Anti-Iranian racism signifies American imperial hubris. In general, racism gives the narcissistic U.S. empire a sense of self-importance and purpose. Without an enemy, the U.S. has no rationale for exerting its influence around the world. In the same way that the 300 franchise would lack a story without the Achaemenid (Persian) enemy, American power lacks purpose without Iran, Al Qaeda, North Korea or whatever adversary the U.S. concocts. The idea that Iran is the U.S.’s enemy, which reflects a Cold War-style thinking where Iran to a small degree replaced Russia, enables public figures and social institutions to proclaim their racism; this is because the idea itself is racist.
As such, rogue artists and talking heads actually become the ideological mouthpiece for an empire. An entire people’s culture and history are erased in the process only to be replaced by an Orientalist stereotype and ahistorical misinformation campaign. In this way, Iranian existence is defined by the American gaze and the U.S.’s hatred of everything Iran. Argo, with its violent mob of American-hating Iranians, illustrates this phenomenon.
Flipping the Logic of U.S. Empire
However, convincing audiences that the hatred originates in Iran and is directed toward America is the ultimate trick. By propagating American victimhood, the culture industry translates imperial aggression to self-defense against extremist terrorists and tyrannical warmongers.
Hamid Dabashi perfectly describes this occurrence in his article about 300. “In this emotive swap, the U.S. as ‘the West’ wants to…act as the Achaemenid (what they call ‘Persian’) Empire did but assume it is a small band of Spartans defending freedom and democracy against a horde of foreign invaders.” He further explains:
Leonidas’ mission in [director Zack] Snyder’s 300 is an act of suicidal violence – a suicidal violence that if performed by white people in remote corners of history is heroic but if by Palestinians or Iraqis then it becomes a sign of barbarism. So what [300 comic book writer Frank] Miller/Snyder effectively want is yet another example of having their cake and eating it too – stealing the strategy of suicidal violence from those desperate measures of resisting imperialism of one sort (U.S.) or another (Israel) and cast the enemy as imperial. It is a complete reversal of fact to make spectacular fantasy – stealing resistance of the poor folks of color and white-identifying it, while projecting your own imperial barbarity to some remote point in history and calling it the enemy, “The Persians.” This is a remarkable act of reversal, a projection backward. You become the enemy you abhor and you catapult the abhorrence you are to your enemy. 300 thus amounts to a CGI-engineered sense of tragedy and valor for an otherwise carnivorous empire that has just inflicted unfathomable pain and suffering on millions of Afghans and Iraqis.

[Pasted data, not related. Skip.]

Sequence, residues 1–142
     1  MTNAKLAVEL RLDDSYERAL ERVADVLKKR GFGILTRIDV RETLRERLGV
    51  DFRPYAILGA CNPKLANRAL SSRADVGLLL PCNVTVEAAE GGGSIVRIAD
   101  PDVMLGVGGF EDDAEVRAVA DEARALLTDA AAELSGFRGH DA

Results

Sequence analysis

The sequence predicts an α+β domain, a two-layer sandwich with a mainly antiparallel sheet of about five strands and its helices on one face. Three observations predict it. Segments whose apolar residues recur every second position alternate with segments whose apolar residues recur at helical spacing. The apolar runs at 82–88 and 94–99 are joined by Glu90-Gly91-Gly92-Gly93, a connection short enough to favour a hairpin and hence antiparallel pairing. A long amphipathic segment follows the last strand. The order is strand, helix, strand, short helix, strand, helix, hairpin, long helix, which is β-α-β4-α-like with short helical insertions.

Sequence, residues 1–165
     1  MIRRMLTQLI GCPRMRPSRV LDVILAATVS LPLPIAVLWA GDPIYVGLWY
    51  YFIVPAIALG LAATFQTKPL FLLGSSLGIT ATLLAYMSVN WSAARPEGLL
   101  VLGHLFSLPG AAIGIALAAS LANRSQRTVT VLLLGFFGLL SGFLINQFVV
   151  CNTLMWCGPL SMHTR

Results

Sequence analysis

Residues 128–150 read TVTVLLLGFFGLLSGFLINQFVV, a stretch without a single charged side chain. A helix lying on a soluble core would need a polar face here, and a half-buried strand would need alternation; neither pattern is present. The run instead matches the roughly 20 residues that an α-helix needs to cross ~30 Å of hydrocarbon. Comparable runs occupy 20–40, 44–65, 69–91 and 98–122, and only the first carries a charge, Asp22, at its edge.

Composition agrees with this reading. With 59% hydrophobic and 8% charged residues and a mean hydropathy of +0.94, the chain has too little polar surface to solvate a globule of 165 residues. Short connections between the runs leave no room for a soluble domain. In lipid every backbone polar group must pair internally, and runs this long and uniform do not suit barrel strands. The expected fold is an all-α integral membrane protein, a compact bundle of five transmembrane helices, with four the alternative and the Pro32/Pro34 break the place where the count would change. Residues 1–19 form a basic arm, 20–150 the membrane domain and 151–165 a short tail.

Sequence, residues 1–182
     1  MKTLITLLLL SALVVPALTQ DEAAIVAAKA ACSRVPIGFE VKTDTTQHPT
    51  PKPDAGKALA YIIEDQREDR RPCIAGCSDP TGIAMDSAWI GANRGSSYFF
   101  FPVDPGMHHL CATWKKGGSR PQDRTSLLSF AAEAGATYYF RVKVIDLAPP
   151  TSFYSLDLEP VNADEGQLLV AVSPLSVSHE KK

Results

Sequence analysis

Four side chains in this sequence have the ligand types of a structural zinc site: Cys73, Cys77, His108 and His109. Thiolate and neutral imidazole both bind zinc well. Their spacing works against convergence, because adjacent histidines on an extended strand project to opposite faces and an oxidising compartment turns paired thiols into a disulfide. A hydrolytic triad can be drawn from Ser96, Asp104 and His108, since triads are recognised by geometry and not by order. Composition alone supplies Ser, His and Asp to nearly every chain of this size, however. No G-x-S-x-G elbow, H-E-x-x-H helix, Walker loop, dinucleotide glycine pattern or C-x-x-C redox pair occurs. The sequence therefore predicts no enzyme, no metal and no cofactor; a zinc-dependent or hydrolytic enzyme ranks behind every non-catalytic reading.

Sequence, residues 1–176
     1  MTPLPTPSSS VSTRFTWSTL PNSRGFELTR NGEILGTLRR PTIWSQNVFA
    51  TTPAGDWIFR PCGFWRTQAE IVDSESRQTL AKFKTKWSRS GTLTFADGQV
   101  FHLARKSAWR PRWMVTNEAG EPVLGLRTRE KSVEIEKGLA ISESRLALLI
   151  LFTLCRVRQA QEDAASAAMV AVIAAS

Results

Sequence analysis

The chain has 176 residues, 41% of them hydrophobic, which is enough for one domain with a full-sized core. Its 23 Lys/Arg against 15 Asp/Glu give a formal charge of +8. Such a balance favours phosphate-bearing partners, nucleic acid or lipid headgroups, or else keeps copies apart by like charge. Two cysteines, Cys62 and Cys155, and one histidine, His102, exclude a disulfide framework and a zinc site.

Ignatiy Vishnevetsky elaborates this point in his commentary on Rise of an Empire, “The Empire in question is not the Achaemenids’, but Athens – a power that deserves to slaughter and subjugate its enemies because it represents a cornerstone of Western culture, and whose actions are excused because they represent noble intentions.” If we replace “Western culture” with white power, the sentence holds the same meaning. The real barbarity, as Dabashi asserts, is the American empire which undermines non-white lives both on the big screen and in the real world.
Even when movies travel back to ancient times and faraway lands, the ideals still signify our present-day gaze. “It is an interesting paradox that works of imagination set in the distant past or the future tend to say more about how things are at the time of their making than movies with a contemporary setting,” says Masoud Golsorkhi. In this sense, the 300 series more closely reflects contemporary politics and U.S. imperial interests than it does actual history. Consequently, the movies’ makers can get away with sacrificing history and facts for racism and patriotism.
300, Argo and countless other examples show us how the American culture industry propagates Samuel Huntington’s clash of civilizations hypothesis. The U.S. is the most ruthless and murderous empire in world history. This is a reality that politicians, artists and talking heads refuse to admit not because they are ignorant, but because they profit from the imperial machine. It’s a conscious and self-inflicted blindness. On the other hand, Iranian people are merely another victim of this machine.
Throughout U.S. history, the country’s culture industry has demonized different racial groups, including Native Americans, Blacks and Asians, because they resisted a predatory empire. At one point or another, each group has been a convenient target.
Racism has always been patriotic because it privileges white American interests. The U.S.’s political climate dictates what kinds of racism are acceptable and patriotic. Today, anti-Iranian racism is socially acceptable, and it’s patriotic.
Navid Farnia received his Master of Arts degree from the Institute for Research in African American Studies at Columbia University in New York. He is an Iranian American who was born and raised in Oklahoma.